View from the House

This column is not a view from the House but a view from the North-East.

There is no doubt that the region I represent is now feeling the effects on export markets and the deflationary shocks passing around the world.

It is also feeling the beginnings of the effects on export product prices as rival exporters, in currency zones where massive devaluations have occurred, sell cheaper.

The effects on the North-East are already real and dramatic. Prime minister Tony Blair lent his weight to the calls for lower interest and exchange rates, when he told regional TV programme ‘The Chips are Down’, on 9 September: ‘In the end, if we get over this interest rate peak – as I hope we may be – and the pound is already coming down gently in the way it should, that if we pursue the right policies and we make sure that the government financial position is sound, then we have the best chance of long-term stability for the future, and that is the best guarantee of jobs.’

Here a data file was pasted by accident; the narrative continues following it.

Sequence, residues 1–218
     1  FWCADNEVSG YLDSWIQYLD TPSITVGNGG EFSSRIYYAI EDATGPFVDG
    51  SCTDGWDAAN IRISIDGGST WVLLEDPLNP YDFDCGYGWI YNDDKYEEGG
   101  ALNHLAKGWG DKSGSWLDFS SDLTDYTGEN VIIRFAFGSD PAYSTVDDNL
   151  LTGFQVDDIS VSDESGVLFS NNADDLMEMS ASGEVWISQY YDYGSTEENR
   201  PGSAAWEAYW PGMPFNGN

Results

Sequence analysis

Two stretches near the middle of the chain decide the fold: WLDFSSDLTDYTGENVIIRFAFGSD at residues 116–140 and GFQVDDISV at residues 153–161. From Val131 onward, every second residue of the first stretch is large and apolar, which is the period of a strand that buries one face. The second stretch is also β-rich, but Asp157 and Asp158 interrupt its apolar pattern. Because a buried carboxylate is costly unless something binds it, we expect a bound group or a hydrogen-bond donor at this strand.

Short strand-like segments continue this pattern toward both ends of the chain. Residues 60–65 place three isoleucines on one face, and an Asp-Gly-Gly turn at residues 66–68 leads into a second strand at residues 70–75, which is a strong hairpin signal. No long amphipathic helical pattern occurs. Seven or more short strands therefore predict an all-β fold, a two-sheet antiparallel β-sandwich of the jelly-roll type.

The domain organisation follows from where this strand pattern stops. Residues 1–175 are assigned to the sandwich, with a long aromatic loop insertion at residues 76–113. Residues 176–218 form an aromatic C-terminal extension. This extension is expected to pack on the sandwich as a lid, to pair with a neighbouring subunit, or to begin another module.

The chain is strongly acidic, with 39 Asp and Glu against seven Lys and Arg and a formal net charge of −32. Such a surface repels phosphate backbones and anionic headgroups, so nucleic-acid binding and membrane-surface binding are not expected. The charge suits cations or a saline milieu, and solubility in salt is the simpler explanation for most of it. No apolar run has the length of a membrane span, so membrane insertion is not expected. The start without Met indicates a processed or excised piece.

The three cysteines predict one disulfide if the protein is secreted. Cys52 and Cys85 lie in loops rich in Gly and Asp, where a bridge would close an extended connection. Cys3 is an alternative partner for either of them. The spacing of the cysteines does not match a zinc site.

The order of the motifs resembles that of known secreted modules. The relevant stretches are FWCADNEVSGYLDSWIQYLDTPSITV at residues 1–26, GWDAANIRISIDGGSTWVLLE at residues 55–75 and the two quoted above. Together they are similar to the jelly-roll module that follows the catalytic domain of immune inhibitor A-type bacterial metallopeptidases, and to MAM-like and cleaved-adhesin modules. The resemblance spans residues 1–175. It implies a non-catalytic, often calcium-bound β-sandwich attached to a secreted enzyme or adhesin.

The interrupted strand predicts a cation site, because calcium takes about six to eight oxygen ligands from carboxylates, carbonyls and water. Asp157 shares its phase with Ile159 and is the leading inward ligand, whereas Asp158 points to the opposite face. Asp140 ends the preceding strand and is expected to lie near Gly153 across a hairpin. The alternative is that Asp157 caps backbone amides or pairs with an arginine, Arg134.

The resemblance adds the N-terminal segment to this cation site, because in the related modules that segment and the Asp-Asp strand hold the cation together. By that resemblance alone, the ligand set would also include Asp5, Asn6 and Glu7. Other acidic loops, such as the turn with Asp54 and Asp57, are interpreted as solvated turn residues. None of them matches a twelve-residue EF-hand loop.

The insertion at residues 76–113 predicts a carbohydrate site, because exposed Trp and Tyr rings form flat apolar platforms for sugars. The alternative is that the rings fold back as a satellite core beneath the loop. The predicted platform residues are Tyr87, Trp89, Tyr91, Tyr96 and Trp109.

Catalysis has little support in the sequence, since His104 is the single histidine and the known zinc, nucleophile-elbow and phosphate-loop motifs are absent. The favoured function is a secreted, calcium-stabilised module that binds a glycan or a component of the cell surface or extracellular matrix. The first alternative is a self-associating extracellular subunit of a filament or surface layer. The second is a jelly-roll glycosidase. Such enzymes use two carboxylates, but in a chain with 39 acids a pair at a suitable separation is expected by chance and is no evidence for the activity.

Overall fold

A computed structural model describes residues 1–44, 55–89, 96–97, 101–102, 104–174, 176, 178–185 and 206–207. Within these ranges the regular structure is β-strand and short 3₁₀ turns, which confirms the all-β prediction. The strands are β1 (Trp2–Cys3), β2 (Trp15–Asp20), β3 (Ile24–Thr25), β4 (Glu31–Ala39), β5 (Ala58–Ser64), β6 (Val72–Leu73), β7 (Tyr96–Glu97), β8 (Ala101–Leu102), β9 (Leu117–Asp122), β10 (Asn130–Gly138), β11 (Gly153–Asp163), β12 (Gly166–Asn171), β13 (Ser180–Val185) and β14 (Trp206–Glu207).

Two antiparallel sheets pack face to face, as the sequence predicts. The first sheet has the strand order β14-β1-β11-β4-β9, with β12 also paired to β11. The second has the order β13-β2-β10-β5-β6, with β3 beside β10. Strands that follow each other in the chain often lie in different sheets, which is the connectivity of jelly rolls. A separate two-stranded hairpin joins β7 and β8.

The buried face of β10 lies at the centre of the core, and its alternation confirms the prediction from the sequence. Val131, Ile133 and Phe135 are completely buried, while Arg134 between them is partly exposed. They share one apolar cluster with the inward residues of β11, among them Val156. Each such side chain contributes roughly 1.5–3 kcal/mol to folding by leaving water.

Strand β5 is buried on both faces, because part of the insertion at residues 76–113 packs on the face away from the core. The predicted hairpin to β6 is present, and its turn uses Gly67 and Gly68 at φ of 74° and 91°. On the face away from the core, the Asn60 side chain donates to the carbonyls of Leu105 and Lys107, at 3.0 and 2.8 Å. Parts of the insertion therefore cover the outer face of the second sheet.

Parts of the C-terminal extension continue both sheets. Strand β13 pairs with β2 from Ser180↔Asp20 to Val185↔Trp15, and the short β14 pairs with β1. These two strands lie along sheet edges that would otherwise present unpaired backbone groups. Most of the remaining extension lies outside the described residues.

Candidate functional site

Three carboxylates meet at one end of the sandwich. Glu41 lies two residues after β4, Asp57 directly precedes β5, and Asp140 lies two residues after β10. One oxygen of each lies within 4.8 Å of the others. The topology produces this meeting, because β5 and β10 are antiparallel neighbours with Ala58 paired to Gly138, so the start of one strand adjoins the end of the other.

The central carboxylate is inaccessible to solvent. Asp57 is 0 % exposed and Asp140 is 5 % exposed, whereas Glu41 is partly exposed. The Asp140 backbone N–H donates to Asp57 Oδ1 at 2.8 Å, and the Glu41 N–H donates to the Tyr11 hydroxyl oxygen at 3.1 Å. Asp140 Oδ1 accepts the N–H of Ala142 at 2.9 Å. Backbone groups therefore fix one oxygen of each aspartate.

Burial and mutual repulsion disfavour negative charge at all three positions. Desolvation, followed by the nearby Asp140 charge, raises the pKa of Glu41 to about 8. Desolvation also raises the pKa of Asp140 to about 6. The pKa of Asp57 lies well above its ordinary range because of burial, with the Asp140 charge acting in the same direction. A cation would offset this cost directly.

But these events raise broader issues of power and responsibility that will wash up on the shores of accountancy, too.

Blair’s search for a ‘third way’ will challenge the dominant idea of the past that only men of property, or those possessing ‘finance capital’ had rights and that only their interests mattered.

Since then, people have struggled to secure the ballot. But the old ideas are still dominant in the enterprise. The accounting standards are preoccupied with the welfare of shareholders and/or creditors only – that is, the providers of ‘finance capital’.

The rights of ordinary ‘stakeholders’ who invest their lives and skills in generating wealth don’t appear on the Accounting Standards Board agenda.

The ASB meets the representatives of finance and creates rules for their affairs. Its meetings remain firmly closed to the ordinary people. Now wider ‘stakeholders’ will raise their voice.

Will accountancy meet the challenge of the ‘third way’? Education has a key role. Professional accountancy education does not require any reflection on the social role of accountancy.

Aspiring accountants should be required to reflect upon the impact of their craft on the lives of people.

It is a question the people of the North-East are beginning to ask.

Jim Cousins is Labour MP for Newcastle Central.

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